Bangladesh is still pissed at Lil Wayne's label Cash Money Records. Which is understandable, considering the Atlanta music producer claims Cash Money has yet to dish out, um, cash money for the huge hit he made for Wayne, "A Milli," more than three years ago. The label could very well owe him a milli by now, but so far he says it's given him nothing but excuses.
"They're hood niggas from New Orleans," Bangladesh says, none too gingerly, of the label's brass. "In the streets you use your muscle — you don't pay niggas. You don't do certain things you're supposed to do."
But who, might you ask, is this guy to be talking shit? Well, as an A-list beatmaker for more than a decade, Bangladesh has earned the right to speak his mind. Having gotten his start on Ludacris' 2000 major label debut, Back for the First Time, the 31-year-old unsung hitmaker has remained fiercely independent, declining invitations to join such established rap labels as Disturbing tha Peace and Bad Boy. While career decisions like those have probably cost him the chance to become a household name, they've also afforded him something money can't buy: the ability to stay relevant and true to his art. He's found time to craft a pair of upcoming solo albums — both of which sound pretty far out there — while simultaneously securing singles with the hottest artists going.
"He comes with big records, records that don't sound like anything else," says DJ Drama, the influential Atlanta mixtape impresario. "You don't hear five songs on the radio from him at a time, but the ones you do hear are always very big records. He's very smart about who he chooses for his production."
Yet in many ways, Bangladesh has struggled as an outsider. He's got no guaranteed income, and, per the Cash Money situation, even when he does make a hit he doesn't know for sure if he'll be paid. But by not associating himself with any particular sound, or any particular movement, he's been able to transcend fads and forge something somewhat unique in hip-hop — a long-term career.
Born Shondrae Crawford, he's called "Bang" nowadays and lives in southwest Atlanta, where he has custody of two of his four kids. He's tatted-up, with portraits of his children and the word "Warrior" on his arm, and often comes across cocky and self-satisfied, such as when he talks about why he turned down Diddy's offer to join Bad Boy. "What for? I'm the shit by myself," he says. "I don't want to feel like I'm working for a[nother] nigga."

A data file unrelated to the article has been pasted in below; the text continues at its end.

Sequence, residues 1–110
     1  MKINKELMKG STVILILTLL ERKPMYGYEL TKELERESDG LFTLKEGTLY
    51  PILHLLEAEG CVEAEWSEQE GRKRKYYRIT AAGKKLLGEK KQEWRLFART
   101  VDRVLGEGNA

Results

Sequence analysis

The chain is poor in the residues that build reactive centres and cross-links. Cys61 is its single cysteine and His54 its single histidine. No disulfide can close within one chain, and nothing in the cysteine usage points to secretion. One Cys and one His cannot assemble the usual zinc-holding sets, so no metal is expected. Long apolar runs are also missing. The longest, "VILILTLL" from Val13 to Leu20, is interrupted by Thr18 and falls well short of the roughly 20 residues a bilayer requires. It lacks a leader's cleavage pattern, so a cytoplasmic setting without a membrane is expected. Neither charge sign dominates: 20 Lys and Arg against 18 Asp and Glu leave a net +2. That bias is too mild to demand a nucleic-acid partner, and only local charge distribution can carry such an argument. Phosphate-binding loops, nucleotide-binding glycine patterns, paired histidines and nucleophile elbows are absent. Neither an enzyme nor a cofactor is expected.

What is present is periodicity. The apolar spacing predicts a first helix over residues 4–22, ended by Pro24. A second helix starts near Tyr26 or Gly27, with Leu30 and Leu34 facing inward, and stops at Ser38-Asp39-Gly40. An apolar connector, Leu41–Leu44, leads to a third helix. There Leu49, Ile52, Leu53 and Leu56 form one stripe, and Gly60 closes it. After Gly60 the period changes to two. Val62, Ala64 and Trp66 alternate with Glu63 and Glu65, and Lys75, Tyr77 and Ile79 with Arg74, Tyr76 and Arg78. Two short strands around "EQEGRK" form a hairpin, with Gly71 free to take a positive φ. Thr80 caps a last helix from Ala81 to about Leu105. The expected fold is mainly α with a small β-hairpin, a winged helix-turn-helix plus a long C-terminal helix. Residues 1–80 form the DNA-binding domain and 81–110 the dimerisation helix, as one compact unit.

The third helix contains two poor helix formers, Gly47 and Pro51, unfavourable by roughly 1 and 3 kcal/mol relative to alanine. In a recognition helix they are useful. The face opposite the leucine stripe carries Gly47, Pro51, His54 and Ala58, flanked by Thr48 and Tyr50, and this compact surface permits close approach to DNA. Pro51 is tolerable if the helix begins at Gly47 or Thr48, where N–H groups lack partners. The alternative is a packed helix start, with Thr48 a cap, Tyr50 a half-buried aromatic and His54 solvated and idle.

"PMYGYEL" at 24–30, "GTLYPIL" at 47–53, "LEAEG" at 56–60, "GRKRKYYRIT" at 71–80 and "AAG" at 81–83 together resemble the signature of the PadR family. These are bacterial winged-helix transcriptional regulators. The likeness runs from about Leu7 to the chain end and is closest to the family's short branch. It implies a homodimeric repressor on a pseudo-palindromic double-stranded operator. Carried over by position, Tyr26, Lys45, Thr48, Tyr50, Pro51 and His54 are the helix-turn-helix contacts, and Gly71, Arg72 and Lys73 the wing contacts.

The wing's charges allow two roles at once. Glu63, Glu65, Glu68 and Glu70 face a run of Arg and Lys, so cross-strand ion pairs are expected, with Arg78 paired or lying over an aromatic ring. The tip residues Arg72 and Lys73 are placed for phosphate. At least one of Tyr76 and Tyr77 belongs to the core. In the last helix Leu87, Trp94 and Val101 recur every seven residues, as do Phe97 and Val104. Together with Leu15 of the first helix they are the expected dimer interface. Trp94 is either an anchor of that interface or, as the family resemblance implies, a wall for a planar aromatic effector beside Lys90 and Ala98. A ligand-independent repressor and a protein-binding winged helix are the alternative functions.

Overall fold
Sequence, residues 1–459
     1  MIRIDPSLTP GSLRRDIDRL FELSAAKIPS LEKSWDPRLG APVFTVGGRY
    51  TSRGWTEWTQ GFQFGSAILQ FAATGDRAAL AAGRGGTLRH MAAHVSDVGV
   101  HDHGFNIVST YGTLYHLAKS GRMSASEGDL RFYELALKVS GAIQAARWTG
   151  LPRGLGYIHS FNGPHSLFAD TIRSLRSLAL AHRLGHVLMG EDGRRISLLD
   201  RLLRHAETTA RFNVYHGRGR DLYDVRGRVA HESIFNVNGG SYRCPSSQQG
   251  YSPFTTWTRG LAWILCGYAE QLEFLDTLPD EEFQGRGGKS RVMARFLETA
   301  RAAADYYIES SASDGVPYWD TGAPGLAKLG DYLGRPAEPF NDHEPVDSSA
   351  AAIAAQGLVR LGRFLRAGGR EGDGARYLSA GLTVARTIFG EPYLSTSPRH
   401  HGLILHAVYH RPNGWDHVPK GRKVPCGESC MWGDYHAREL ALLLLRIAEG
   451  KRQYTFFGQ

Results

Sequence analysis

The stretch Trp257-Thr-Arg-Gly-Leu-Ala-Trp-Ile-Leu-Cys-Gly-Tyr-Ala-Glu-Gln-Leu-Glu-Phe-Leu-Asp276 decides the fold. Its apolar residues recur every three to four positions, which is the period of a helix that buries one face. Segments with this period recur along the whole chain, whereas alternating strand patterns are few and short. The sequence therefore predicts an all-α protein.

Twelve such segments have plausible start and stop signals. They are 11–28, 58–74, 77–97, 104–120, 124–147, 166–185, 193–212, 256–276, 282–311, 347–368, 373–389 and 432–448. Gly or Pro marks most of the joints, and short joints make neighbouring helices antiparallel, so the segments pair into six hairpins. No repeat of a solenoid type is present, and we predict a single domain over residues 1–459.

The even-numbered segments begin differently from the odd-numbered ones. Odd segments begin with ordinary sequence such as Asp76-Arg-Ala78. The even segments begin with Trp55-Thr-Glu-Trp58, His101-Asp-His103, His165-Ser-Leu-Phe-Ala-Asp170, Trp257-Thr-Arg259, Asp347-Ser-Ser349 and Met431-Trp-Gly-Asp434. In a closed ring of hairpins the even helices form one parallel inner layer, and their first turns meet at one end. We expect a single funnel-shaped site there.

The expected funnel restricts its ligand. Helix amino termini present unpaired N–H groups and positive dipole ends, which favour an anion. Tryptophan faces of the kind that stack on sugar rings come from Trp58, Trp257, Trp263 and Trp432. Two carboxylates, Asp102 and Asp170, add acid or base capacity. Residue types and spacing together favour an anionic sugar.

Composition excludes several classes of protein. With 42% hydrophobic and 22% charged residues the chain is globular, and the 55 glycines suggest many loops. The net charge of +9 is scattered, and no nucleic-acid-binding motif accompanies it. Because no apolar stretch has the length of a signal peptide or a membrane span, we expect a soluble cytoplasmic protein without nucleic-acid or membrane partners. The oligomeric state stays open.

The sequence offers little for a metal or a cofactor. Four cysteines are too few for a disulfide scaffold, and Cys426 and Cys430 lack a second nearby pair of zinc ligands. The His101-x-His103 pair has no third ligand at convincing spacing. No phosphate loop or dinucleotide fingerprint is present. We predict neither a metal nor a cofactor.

Today, however, finds him in an introspective mood. He's speaking over the phone from his hometown of Des Moines, Iowa, where he's attending a family member's funeral. His clan has been ensconced in Iowa's largest city since his grandparents migrated north from Mississippi. Bang's father was out of the picture, but his grandfather and maternal uncles were "local celebrities," he says, for their singing and preaching talents. "They was pastors, and they all sang and played instruments. They had a gospel group and traveled a lot."
In that way, he's like many other rap producers who come from traditional musical backgrounds; Atlanta-transplant Drumma Boy's father was a clarinetist and first chair in the Memphis Symphony Orchestra, while the father of another Memphis native, Atlanta-based Jazze Pha, was the bass player for '70s funk band the Bar-Kays. Still, nobody predicted that Bang, a precocious kid from one of the country's whitest states, would become a highly influential hip-hop beatmaker — except for Bang himself. In fact, he cited "music producer" as his intended occupation during an elementary school career day, despite not knowing what the term meant. He just knew that he loved "Yo! MTV Raps" and BET's "Rap City," and so he began to formulate a plan. "I knew I didn't want to sing or rap," he says. "Probably by my sophomore year [in high school] I knew I wanted to make beats."
It was the mid-'90s, and after falling hard for local legends-in-the-making OutKast and Organized Noize, he somehow convinced his mother to let him go live with his aunt in Atlanta. He finished his junior and senior years of high school here — at Andre and Big's alma matter Tri-Cities High, nonetheless — and got serious about production.
His big break came while he was cutting hair, of all things, at a shop he owned in College Park called Loose Endz. A radio personality Chris Lova Lova, who later became known as Ludacris, stopped by, and Bang passed along his beats.
He ended up doing the majority of the production on Back for the First Time, including "What's Your Fantasy," one of Luda's most enduring songs. Highlighted by a vaguely exotic synth progression, its beat is subtly seductive and walks a line between commercial and avant-garde. This balancing act has come to define Bang's sound. He chose his producer name because his music feels, well, somewhat foreign. Not that it's easy to pin down; his compositions run the gamut from grimy and industrial — such as Eightball & MJG's "Forever" — to glossy and playful, like Kelis' "Bossy." Eschewing the comforting soul samples used by Kanye West, he often prefers distorted effects and strange tempos, creating a feeling of disorientation, such as on Nicki Minaj's "Did It On'em." One of his favorite techniques is chopping up vocals and distorting their speed or pitch, as on Beyoncé's "Diva" — which he co-produced and co-wrote.
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